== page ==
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I created a symlink using mklink. Now I need to change it but I can't figure out how to delete it so I can recreate it correctly.

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up vote 338 down vote accepted

Be very careful.

If you have a symbolic link that is a directory (made with mklink /d) then using del will delete all of the files in the target directory (the directory that the link points to), rather than just the link.

SOLUTION: rmdir on the other hand will only delete the directory link, not what the link points to.

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Having just accidentally done this (deleted the complete contents of the target folder), this an important tip. – Simon Gillbee Aug 8 '11 at 21:10
F**k! Me too... God bless backups... We should upvote this to "outvote" the accepted answer :) – jitbit Mar 15 '12 at 10:56
This answer is not entirely accurate. Del deletes files, not folders. Therefore, you would not use del to delete the link. – AMissico Mar 12 '13 at 1:47
But don't use rmdir in PowerShell. Wrap it in cmd first. See my answer below... – northben May 13 '13 at 21:25
How about if i delete it through windows explorer???? – Cheung Tat Ming Aug 11 '13 at 16:49

For a symlink to a file, use del. For a symlink to a directory made with mklink /d, use rmdir.

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Warning: "del" will delete the file and not just the link. – WoodenKitty Nov 12 '15 at 0:39
Warning from @Tristan is not correct, this answer is accurate. Tested on windows 7. – jiggunjer Jun 23 at 3:07

To remove directory symbolic links created with mklink /d it is safe to just delete the symbolic link in explorer.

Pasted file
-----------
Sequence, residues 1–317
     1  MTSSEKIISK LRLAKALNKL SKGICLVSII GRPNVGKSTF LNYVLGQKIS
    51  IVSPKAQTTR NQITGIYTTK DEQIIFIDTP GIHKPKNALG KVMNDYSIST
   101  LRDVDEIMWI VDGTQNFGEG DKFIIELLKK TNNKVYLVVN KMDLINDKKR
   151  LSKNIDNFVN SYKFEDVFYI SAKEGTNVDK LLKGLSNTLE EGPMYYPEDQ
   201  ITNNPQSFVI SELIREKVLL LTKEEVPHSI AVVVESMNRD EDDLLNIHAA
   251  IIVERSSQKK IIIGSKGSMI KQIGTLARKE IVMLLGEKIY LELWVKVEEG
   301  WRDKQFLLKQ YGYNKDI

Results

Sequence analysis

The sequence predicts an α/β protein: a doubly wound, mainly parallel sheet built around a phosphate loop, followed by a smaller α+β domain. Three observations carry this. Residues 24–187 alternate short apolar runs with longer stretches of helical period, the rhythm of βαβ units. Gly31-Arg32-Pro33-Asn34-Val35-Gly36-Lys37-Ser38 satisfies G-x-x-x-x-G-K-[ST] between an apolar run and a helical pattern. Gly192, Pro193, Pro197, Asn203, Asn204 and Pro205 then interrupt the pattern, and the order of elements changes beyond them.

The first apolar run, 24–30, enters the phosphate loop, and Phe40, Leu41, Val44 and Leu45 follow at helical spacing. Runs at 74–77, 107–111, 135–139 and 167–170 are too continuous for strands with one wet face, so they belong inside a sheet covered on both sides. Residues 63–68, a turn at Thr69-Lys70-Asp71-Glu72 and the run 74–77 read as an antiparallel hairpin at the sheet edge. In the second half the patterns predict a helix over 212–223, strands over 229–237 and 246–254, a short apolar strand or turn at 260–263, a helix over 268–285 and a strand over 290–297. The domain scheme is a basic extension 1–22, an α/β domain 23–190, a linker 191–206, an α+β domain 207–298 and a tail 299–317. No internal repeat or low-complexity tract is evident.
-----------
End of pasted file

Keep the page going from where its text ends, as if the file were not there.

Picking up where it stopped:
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+1 for telling people it is save to delete symbolic link through Windows Explorer. – AMissico Mar 12 '13 at 1:45

mklink cannot be used to delete symbolic links. To remove a symbolic link, simply delete them as if you’re removing a normal file. For example, to delete the foo symbolic link created above, enter the following command:

If the link is a hard link to a directory:

C:\test>rmdir foo

or else, IF the link points to a file (as opposed to a dir)

C:\test>del foo


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Just make sure you don't delete it with del /S or Explorer. – Hello71 Jul 24 '10 at 0:12
See eddyq's answer below because using del for a link made to a directory won't work and instead will attempt to delete teh contents of the folder. – jpierson May 7 '12 at 13:48
Hardlinks to directories don't exist. I think you meant to say symlink. – Brilliand Sep 8 '15 at 18:20

In Powershell, don't use rmdir! Use cmd /c rmdir .\Target instead. I tested this myself and confirmed it here:

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That blog confuses the meaning of "Target", which is the actual directory the link points to, and which folks generally wish to avoid deleting whilst removing the link. – kreemoweet Sep 22 '15 at 16:59

There is another solution tested by me and safe to use. just add to the real folder _ (example: foo become foo_) then simply delete your symbolik link, then remove _ from your true folder.

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yeah, this is 100% safest solution after you know that powershell does not give a s**t about rmdir – test30 Jul 3 '14 at 14:54
This is a clever precaution. +1 – Johannes Mar 4 '15 at 17:11

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